When she was growing up in Abidjan, Côte d’Ivoire, Akua Nyame-Mensah ’10 often traveled to neighboring Ghana to visit her relatives. Although she loved seeing her family, Nyame-Mensah says, “I complained about the underdeveloped infrastructure.”
Why, she wondered, did Côte d’Ivoire have more and better roads than Ghana did? Why did access to running water and electricity seem so much more challenging in Ghana’s capital city of Accra than in Abidjan?
As a major in Bryn Mawr’s Growth and Structure of Cities Program and a student in the combined 3-2 master’s program the College sponsors with the University of Pennsylvania’s Department of City and Regional Planning, Nyame-Mensah has learned a great deal about issues that affect urban development. This summer, the last before she writes her senior thesis, she used a grant from the Hanna Holborn Gray Undergraduate Research Program in the Humanities and Humanistic Social Sciences to find answers to some of the questions that had puzzled her since childhood.
The HHG grant funded Nyame-Mensah’s study of planning regulation in Ghana’s capital city of Accra through several neighborhood-development case studies; that research will serve as the basis of her thesis. She documented the project (along with her trip to the Netherlands for a conference of the international youth-run THIMUN Youth Network and a few posts about soccer) on her Bryn Mawr blog, Twenty-Ten.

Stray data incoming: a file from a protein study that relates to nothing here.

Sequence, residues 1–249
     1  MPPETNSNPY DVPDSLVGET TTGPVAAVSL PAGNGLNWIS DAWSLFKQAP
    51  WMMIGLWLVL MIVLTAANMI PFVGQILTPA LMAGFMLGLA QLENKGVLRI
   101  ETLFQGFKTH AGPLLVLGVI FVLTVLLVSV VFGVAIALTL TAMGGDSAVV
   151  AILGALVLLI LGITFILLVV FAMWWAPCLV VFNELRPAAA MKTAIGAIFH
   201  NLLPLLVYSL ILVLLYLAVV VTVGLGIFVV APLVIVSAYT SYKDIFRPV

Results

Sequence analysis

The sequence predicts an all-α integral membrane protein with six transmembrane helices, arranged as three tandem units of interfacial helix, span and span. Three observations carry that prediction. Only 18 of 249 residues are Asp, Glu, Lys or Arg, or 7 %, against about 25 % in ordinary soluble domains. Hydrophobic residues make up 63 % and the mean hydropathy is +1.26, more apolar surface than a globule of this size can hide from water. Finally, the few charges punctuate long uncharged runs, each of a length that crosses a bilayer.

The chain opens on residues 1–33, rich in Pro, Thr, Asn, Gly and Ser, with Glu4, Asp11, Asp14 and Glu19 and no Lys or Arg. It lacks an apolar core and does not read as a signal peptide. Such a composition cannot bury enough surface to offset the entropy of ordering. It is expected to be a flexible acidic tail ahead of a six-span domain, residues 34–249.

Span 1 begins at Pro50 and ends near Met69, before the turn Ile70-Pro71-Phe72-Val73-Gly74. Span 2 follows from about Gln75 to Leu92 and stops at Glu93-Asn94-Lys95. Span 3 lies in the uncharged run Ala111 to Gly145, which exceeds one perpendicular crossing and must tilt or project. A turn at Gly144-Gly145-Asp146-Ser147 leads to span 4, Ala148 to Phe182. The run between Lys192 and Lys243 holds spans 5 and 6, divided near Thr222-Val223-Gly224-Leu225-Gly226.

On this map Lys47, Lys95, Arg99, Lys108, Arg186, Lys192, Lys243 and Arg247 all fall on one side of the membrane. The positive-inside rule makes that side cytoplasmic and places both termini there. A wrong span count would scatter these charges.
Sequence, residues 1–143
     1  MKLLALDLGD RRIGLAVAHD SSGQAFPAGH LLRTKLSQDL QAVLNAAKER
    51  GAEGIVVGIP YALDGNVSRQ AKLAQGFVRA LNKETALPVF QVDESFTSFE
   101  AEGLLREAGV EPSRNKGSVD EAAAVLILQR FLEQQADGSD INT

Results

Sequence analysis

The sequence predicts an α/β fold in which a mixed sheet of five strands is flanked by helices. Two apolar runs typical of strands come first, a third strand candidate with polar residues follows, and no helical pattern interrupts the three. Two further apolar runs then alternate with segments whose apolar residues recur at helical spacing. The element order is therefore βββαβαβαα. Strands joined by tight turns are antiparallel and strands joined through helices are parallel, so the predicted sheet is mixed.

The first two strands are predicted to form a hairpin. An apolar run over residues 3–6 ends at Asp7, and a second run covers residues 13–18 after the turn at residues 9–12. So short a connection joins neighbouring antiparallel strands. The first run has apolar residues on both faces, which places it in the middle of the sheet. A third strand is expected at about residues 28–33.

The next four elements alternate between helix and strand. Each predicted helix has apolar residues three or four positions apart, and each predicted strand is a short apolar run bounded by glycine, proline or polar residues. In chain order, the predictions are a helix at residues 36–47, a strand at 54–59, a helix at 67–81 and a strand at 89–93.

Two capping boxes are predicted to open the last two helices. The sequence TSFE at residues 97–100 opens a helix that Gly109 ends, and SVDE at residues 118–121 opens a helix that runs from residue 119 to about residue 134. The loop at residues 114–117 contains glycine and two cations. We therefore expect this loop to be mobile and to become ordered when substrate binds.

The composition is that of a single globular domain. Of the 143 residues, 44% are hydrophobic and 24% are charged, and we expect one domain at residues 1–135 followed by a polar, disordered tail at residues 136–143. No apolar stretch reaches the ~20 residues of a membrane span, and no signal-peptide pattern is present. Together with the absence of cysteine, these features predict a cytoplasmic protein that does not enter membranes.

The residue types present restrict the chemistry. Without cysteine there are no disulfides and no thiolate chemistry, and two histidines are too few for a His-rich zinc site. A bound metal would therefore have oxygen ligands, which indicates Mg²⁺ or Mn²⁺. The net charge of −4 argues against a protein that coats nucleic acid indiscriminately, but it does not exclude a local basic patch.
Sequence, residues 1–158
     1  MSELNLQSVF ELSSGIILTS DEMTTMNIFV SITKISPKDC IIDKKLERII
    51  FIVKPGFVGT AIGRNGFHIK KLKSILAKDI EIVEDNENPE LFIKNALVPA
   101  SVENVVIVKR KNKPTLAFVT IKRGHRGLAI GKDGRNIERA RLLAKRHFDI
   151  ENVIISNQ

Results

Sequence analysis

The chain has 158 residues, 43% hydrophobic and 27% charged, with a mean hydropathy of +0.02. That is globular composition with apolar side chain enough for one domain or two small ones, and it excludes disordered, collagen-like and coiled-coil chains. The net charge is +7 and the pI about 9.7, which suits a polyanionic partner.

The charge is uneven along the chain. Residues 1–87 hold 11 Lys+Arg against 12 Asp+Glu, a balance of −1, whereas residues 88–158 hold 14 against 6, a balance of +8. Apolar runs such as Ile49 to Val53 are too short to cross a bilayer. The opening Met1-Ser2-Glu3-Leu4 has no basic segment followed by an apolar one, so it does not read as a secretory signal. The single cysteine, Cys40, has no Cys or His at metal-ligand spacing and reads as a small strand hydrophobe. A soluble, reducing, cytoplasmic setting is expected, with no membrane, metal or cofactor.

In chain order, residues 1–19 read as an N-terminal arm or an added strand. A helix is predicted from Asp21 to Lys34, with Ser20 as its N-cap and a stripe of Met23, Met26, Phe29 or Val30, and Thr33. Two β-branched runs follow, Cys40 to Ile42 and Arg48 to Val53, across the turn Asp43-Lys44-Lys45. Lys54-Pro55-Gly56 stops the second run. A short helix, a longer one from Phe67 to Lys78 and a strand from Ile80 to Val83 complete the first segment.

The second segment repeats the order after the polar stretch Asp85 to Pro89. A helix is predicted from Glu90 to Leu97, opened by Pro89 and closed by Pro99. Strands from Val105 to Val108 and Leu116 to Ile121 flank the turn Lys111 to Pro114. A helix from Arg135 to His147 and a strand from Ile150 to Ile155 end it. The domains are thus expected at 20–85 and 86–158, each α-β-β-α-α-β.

Before she set off for the summer in Accra, Nyame-Mensah and her 13 fellow HHG scholars prepared for their independent research projects at a two-day seminar featuring experienced researchers on the Bryn Mawr faculty, including Provost Kimberly Cassidy, who is a professor of psychology. The students met with their project advisers and with librarians who specialize in the fields relevant to their research topics.
“Because of the seminars I had a much better idea of how to go about asking questions and generating a thesis,” Nyame-Mensah says.
The seminars were led by Sarah Scheckter, a graduate student in clinical psychology, and Lesley Shipley, a graduate student in the history of art. The graduate-student mentors remained available through the summer to offer their junior colleagues advice and guidance. They used a blog (open only to the HHG scholars) to stay in contact with the young scholars and to make it easier for them to share problems, observations, and research strategies with each other.
Nyame-Mensah set off for Ghana on June 8 and arrived late in the evening of June 9. Staying with her father, who now lives in Accra, she experienced her first Ghanaian rainy season and the attendant frustrations proceeding from an infrastructure chronically ill-equipped to deal with the seasonal floods.
To her delight, however, she found communications technologies both advanced and accessible in Ghana.
“The water may not always run through the pipes and the roads may not all be paved but at least I can get fast internet,” she wrote on Twenty Ten. “Interesting how internet/phone infrastructure is much better than the infrastructure needed to get around and get essential utilities.”